Abstract: The Cold War as a Business Opportunity: Metal Traders and PL480

Espen Storli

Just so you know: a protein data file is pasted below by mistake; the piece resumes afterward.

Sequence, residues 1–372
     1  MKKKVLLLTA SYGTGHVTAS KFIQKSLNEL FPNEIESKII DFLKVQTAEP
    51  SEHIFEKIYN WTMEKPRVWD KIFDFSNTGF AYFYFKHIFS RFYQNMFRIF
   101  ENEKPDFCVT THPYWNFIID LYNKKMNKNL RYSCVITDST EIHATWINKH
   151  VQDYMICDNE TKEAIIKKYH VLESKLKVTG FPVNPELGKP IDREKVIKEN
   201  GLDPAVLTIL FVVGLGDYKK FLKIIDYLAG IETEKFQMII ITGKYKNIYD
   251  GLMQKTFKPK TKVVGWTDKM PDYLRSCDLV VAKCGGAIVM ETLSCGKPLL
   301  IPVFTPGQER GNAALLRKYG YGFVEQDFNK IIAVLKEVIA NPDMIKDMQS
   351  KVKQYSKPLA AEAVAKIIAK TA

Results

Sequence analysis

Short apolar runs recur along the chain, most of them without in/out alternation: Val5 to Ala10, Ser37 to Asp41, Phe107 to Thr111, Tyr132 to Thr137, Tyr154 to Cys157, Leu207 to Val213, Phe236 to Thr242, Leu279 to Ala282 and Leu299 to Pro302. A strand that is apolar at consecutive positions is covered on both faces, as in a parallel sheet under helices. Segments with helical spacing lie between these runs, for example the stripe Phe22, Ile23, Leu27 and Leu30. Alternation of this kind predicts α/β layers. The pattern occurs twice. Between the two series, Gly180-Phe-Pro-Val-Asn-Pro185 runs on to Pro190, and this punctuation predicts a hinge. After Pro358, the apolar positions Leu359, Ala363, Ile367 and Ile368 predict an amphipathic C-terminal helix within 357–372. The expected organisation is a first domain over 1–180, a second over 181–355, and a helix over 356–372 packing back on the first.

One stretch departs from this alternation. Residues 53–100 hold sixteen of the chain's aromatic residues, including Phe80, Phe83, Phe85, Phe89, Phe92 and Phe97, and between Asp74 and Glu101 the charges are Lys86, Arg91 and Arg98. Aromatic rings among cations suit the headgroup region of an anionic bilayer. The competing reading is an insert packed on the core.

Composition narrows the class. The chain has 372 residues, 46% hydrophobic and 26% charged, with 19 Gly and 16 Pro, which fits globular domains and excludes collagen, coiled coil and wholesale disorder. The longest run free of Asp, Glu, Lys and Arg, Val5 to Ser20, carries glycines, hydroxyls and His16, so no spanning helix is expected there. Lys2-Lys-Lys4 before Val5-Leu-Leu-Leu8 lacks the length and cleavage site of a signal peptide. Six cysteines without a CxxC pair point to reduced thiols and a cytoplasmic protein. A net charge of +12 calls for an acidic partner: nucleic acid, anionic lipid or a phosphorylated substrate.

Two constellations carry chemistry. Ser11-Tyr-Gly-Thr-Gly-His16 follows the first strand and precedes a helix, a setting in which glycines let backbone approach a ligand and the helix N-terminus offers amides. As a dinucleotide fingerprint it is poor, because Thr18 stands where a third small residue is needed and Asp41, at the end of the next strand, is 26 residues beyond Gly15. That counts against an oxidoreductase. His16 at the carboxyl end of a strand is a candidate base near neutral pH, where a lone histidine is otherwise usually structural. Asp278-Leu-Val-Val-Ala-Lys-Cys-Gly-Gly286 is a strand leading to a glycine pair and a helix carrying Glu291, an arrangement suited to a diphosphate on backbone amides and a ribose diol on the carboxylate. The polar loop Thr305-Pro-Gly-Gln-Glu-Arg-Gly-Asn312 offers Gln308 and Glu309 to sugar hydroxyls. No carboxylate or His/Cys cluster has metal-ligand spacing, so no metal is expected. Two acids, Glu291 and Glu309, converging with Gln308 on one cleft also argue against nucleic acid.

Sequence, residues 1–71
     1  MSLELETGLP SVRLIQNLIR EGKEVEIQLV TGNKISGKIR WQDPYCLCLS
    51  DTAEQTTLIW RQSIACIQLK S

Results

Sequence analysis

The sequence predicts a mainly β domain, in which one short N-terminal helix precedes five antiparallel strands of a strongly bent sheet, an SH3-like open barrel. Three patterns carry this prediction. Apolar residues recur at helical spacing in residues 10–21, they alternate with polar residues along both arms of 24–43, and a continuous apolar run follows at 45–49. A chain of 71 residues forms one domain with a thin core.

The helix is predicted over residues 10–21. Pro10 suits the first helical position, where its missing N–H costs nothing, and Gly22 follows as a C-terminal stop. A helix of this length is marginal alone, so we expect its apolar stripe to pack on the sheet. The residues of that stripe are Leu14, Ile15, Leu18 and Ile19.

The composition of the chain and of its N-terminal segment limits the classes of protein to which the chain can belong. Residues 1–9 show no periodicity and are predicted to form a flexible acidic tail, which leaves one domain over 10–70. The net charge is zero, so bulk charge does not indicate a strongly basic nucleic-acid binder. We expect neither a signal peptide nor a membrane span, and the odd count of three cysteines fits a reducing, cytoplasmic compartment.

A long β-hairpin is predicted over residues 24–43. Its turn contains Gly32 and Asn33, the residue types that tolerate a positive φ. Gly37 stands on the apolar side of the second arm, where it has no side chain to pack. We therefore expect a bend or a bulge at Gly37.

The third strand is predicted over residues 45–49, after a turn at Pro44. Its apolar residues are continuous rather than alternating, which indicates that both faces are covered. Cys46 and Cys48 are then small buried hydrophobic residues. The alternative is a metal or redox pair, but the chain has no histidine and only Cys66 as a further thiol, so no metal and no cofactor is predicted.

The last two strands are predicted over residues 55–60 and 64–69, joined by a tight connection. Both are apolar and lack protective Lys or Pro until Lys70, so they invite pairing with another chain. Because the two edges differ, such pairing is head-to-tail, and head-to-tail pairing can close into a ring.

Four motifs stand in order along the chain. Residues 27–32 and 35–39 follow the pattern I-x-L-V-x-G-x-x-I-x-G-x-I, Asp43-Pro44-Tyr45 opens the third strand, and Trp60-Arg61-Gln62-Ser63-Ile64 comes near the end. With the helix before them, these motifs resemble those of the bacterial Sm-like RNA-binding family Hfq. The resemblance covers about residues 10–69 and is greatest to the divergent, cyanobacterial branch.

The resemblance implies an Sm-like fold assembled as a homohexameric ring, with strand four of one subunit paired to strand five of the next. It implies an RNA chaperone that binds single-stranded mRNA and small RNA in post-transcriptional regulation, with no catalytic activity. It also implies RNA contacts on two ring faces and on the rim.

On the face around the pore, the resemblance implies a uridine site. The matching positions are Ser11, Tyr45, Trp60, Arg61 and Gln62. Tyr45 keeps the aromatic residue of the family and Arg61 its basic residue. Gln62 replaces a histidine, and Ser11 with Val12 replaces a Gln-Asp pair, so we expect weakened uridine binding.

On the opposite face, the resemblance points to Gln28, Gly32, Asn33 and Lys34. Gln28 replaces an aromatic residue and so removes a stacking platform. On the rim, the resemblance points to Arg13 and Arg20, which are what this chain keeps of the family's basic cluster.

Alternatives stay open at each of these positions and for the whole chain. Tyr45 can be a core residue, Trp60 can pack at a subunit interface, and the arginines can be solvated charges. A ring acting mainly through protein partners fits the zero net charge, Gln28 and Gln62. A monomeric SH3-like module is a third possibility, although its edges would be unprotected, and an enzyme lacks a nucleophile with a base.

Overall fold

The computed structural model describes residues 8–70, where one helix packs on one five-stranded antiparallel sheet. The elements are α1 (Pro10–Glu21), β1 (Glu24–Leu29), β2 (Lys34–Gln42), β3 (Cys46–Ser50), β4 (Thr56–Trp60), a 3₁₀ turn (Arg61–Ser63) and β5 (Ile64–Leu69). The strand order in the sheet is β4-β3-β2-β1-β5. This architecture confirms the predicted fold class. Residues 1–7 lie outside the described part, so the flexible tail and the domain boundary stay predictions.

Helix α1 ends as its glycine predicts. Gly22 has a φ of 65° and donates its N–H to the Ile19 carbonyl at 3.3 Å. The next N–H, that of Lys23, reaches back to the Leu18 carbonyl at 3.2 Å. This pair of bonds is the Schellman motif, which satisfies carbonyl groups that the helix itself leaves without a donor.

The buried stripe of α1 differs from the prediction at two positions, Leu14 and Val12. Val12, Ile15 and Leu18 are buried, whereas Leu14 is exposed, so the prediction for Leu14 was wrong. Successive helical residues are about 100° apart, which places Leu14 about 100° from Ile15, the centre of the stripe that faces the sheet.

In 1954 the U.S. Congress enacted the Agricultural Trade Development and Assistance Act, popularly known as Public Law (PL) 480. The aims of the act were wide-ranging and directed at both internal and external political issues. Not only was this legislation meant to increase the consumption of U.S. agricultural surplus commodities in the world (and thereby aid U.S. farmers); the American food was also to be used as an instrument to improve U.S. foreign relations with other countries by selling it in local currencies and not in scarce dollars, or by giving it away as aid. In addition, PL480 opened up the possibility of selling U.S. agricultural products for foreign strategic raw materials to be stockpiled. Though the law was meant as an instrument of state policy, private business interests soon realized the opportunities inherent in the new legislation. Section 309 and 310 of the law made it possible to barter agricultural commodities for strategic materials for the stockpile, and a handful of U.S. trading companies started to exchange, for example, U.S. grain, tobacco, and cotton for Turkish chrome, Indian manganese, or Bolivian tin. Significant sums were involved, and the business on the American side was financed through the U.S. government. Very little has been known about these PL480 barter deals, but this paper will argue that in their heyday between 1954 and 1961 they were significant in shaping U.S. relations with foreign powers in this important period of the Cold War. In addition, these deals were essential for the business development of a string of U.S. metal-trading companies, foremost among them Philipp Brothers of New York, which in this period developed as the world's dominant metal trader.